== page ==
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A lot has to be implied: an interview with Thomas Roma

Publicado em: Wednesday January 6th, 2016

An interview with Brooklyn-based photographer Thomas Roma, on the occasion of the publication of his latest book, In the Vale of Cashmere (2015).

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ZUM: In all your work there seems to have an atmosphere of expectation, and of time suspended. Prisons photographed without the prisoners and with the marks they left (In Prison Air, 2005), soldiers portraied before going to war in Iraq (Dear Knights and Horses, 2010), people waiting for judgment in the lobbies and hallways of a NY criminal courthouse (Enduring Justice, 2001), subway passengers in transit or waiting for the next train (Higher Ground, 1999). B&W helps to enhance this feeling, maybe. Would you agree with that? Is this expectation atmosphere found also in In the Vale of Cashmere, now referring to love encounters?

THOMAS ROMA: I never thought of my photographs as having that quality, of them being connected in that way,  but now that you pointed it out, I see what you are saying.  I supposed that in order to keep working, I’ve had to think that I’m doing something new – in the end perhaps I’m only finding new ways to say the same things.

I don’t think that feeling of expectation is particular to black and white photography, I can think of color photographs by Helen Levitt, William Eggleston, Joel Meyerowitz, and others and even painters like Edward Hopper, who you might say made pictures that had that atmosphere.

It might have something more to do with the nature of still photography. A lot has to be implied. The hope is that there’s just enough in the picture so that the viewer fills in what’s not there – what might come next.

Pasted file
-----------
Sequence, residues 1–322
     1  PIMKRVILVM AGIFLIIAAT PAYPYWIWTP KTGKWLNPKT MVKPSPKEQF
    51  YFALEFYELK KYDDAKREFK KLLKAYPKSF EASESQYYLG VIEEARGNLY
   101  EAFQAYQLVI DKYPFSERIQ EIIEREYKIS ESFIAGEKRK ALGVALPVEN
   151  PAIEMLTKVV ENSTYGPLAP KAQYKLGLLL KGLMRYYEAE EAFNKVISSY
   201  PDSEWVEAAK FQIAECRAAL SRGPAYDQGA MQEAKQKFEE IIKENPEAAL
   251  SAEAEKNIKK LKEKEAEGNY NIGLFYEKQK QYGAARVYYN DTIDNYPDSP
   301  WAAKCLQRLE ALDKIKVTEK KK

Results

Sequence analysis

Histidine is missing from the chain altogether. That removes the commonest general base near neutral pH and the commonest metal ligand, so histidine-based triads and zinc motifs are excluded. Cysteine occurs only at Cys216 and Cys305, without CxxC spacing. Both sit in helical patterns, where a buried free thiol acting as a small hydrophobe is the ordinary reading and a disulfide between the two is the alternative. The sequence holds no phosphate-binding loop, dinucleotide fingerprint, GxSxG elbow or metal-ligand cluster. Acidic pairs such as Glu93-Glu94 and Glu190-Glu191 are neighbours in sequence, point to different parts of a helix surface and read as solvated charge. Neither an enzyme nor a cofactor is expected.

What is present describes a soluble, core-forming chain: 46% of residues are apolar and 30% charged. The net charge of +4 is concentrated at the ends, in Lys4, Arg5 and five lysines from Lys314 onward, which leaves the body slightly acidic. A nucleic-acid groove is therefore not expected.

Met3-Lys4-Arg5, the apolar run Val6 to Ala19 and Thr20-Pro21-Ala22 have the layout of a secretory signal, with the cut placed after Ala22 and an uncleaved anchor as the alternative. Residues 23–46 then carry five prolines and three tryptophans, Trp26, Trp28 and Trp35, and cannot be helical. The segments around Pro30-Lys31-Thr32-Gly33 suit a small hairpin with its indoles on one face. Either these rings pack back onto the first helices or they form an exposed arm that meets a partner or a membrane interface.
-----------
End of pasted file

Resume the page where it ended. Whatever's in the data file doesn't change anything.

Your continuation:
But it is true that the materials we choose sensitize us to their own descriptive and dramatic possibilities and perhaps there’s something about the way black and white deals so directly with the way light falls on things that I’ve unconsciously used to emphasize that feeling.

Is that quality present in the Vale of Cashmere?  I hope so.

 

One could say that the people you’ve photograph in the Vale of Cashmere were hiding, and this would sound strange, considering the advances of gay rights in America, specially in New York.

No, they definitely were not hiding. The Vale of Cashmere is after all located in a public park and anyone who is interested could walk through it. Men go there to see and be seen and to meet other like-minded men. It’s really the opposite of hiding, of being alone.  I don’t believe that the desire for community will ever go away. In that sense, I think what happens in the Vale of Cashmere is timeless.

 

Google Street View takes us into the Prospect Park. In the Vale’s sourroundings, we can see wide spaces with large lawns, a sunny landscape of leafy trees and bright greens, very different from the vallew itself, which has a very dense vegetation, closing the small paths that are left with few sunlinght. You’ve said that this was initially a portraits project. Why were you moved to photograph nature also? And what relations do you see between the pictures of nature and the portraits? (Nature feels lonely, sometimes lifeless and dry, sometimes more exuberant, but always impenetrable.)

It’s true that what drew me to the park in the first place was the idea of making portraits of the men. But the Vale of Cashmere is a kind of magical place cut-off from the surrounding city and even the rest of Prospect Park. It’s been neglected for many years (some say because of the cruising that goes on) and because of that neglect, there is a beautiful wildness to it, it’s more like a forest than a park in the city.

As a photographer, how could I not respond to that? How could I resist photographing the place? Especially in the many hours when I was alone and waiting when there was no one there to photograph.  In some ways you could say it became a landscape project with people. The landscapes became a kind of stage, a stage that implies its own dramatic possibilities and the portraits become the characters in the play.

One beautiful thing in the book are the small sequences with lonely men walking their way through the Vale. Did those men refuse to be portrayed? 

No, those are not men who refused to be photographed. I knew from the beginning that the sequence pictures would be reproduced in a very small format and that by photographing them from far away that they would not be recognizable, so I didn’t speak to those men.  The idea of the sequences was to show something of the nature of cruising that couldn’t be seen in either the portraits or landscapes.

What kind of people did you find there, when you received yes and nos after asking to do their portraits? What was their spirit?